Bethlehem Press

Tuesday, January 23, 2018

Article By: BERNIE O’HARE Special to the Bethlehem Press

Tuesday, May 9, 2017 by BERNIE O’HARE in Opinion

Last month, Controller Steve Barron told Northampton County Council that stronger internal controls are needed over the amount of money spent on travel and related expenses. What bothered him were trips to New Orleans and Las Vegas by human resources staffers, as well as a staggering jump in training for human resources (HR).

Spending there increased from $5,749.35 in 2015 to $56,758.15 in 2016. HR Director Amy Trapp has also spent $800 on a popcorn machine and thousands of dollars for Target gift cards, which are then handed out to some employees.

How the country’s organized

Tuesday, May 2, 2017 by JULIA F. SWAN in Opinion

Single women have had impact, feminist author asserts

There has been a dramatic shift in this country in the past couple of decades toward more people being single, and if and when they marry, marrying at a much later age. But when journalist Rebecca Traister began studying this trend, she found there have been large numbers of single women at periods in the past, and they have often had a profound impact on social change.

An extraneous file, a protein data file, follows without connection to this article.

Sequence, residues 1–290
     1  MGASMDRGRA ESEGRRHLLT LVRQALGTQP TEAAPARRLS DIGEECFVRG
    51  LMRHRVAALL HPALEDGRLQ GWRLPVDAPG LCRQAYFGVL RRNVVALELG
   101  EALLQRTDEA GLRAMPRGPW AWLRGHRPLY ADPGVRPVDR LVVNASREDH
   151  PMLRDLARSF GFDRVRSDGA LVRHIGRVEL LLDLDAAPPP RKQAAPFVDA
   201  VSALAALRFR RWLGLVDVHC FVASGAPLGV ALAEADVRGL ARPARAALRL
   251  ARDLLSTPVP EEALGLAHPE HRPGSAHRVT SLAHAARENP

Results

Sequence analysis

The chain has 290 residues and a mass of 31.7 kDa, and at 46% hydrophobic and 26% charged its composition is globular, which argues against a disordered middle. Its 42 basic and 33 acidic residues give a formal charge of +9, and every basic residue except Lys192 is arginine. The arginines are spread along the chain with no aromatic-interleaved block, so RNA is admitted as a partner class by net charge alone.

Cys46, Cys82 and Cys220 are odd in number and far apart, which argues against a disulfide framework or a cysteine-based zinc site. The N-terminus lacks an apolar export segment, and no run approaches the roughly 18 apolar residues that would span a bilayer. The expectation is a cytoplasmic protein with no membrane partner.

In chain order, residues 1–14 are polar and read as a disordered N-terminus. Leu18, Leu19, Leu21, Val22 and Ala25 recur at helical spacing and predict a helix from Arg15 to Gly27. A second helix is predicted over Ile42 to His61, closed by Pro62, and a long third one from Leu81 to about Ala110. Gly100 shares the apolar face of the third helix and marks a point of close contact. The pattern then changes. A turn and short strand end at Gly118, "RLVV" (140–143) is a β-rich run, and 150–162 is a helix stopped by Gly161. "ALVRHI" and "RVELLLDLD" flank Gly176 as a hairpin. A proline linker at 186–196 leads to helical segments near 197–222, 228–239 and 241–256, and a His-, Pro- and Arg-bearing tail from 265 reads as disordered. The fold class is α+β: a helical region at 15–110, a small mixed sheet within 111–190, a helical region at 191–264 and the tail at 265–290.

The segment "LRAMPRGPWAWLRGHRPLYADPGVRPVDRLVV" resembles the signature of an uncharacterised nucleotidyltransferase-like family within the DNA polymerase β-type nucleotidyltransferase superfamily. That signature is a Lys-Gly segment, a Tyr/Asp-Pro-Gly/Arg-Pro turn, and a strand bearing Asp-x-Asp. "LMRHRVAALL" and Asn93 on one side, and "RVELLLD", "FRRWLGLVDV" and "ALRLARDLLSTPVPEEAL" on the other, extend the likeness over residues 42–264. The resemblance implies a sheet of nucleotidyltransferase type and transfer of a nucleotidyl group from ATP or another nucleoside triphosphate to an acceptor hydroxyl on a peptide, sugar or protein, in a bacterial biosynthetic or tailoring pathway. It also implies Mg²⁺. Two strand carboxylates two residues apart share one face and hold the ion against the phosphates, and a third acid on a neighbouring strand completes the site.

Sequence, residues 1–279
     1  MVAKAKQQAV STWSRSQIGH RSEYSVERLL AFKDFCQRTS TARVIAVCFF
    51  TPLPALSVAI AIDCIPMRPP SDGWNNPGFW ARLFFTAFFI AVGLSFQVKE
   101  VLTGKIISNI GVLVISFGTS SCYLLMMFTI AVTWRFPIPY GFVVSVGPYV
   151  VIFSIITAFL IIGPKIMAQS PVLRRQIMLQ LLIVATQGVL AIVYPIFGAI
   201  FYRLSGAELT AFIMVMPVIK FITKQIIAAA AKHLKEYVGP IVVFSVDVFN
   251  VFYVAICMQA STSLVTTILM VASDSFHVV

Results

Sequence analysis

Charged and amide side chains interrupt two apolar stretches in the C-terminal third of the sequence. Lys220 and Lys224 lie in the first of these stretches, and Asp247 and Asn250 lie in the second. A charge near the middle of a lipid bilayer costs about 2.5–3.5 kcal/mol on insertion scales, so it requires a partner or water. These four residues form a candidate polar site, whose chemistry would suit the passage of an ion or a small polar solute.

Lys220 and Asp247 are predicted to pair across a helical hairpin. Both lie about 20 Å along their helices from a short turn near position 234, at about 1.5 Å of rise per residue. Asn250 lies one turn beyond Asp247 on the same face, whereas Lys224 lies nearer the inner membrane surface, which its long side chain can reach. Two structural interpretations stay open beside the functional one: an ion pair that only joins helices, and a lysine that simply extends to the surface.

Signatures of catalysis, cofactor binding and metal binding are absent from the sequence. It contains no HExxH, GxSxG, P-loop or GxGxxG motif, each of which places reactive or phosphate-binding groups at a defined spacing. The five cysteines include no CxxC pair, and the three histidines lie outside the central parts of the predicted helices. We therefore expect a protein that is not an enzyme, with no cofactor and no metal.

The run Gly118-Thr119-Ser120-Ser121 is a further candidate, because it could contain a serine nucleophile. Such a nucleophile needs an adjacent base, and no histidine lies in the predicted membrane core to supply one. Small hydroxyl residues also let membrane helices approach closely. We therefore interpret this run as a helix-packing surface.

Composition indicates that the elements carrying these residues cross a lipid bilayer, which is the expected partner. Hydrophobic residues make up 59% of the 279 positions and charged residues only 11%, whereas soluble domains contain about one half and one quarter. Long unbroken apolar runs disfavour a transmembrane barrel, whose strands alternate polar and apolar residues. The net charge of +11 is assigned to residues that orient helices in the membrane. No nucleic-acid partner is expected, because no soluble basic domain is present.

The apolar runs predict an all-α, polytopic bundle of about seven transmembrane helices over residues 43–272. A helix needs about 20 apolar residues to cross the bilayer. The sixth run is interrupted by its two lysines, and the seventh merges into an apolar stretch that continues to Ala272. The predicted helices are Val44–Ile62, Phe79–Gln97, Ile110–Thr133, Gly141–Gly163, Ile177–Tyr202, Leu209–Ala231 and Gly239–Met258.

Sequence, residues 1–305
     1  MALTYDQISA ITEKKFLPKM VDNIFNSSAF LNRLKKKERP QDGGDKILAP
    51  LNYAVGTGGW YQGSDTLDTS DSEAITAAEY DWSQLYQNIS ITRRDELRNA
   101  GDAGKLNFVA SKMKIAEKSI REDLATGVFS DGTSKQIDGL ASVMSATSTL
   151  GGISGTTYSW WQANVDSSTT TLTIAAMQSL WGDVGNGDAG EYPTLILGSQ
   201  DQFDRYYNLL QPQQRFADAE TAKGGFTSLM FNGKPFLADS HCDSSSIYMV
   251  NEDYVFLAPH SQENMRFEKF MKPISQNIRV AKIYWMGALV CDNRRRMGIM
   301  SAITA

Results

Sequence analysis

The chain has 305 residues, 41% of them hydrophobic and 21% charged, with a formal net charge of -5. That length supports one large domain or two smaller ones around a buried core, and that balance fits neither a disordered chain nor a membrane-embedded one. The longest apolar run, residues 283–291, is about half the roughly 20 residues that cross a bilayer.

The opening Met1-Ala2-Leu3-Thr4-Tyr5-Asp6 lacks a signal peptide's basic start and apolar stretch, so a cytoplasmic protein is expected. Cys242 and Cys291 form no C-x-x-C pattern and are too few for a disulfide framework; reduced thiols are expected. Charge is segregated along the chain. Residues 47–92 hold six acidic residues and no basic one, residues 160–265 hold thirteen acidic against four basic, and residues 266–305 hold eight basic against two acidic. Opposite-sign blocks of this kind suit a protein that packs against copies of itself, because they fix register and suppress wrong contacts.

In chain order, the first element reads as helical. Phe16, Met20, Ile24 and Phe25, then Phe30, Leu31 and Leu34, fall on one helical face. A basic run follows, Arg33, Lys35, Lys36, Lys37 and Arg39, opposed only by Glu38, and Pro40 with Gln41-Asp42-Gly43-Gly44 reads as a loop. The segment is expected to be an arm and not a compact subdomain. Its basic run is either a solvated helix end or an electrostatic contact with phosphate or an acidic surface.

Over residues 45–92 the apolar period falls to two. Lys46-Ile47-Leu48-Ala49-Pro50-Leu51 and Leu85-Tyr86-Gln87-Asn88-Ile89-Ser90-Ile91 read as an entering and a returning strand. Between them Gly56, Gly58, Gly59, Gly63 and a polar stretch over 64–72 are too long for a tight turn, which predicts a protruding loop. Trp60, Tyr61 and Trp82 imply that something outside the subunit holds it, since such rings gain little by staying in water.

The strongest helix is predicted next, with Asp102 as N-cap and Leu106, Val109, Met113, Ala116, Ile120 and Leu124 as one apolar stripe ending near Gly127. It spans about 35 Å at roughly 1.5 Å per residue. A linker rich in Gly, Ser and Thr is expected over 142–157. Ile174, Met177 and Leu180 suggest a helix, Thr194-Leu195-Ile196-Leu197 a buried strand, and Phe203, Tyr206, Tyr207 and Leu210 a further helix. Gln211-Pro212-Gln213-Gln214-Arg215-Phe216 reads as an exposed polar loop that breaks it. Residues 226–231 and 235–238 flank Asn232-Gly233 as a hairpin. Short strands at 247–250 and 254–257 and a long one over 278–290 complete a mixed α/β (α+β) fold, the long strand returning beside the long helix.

ANOTHER VIEW

Tuesday, April 18, 2017 by The Press in Opinion

The story of a lifetime can sometimes come before high school graduation

On April 3, Amy Robertson, newly named principal of Pittsburg High School in Kansas, resigned.

An investigation into Robertson’s background uncovered questionable credentials.

And the best part?

Student journalists for Booster Redux, the high school newspaper at Pittsburg High, conducted the investigation.

The price of property tax elimination

Tuesday, April 18, 2017 by CONTRIBUTED in Opinion

The Keystone Research Center today last week a new report that provides the first estimates of the impact of property tax elimination proposals on families in Pennsylvania.

The full report can be downloaded here.

The report finds that, far from providing relief for working families, recent proposals to eliminate school property taxes in Pennsylvania would increase taxes on the middle class while sabotaging the chance to adequately fund Pennsylvania schools for middle- and low-income families.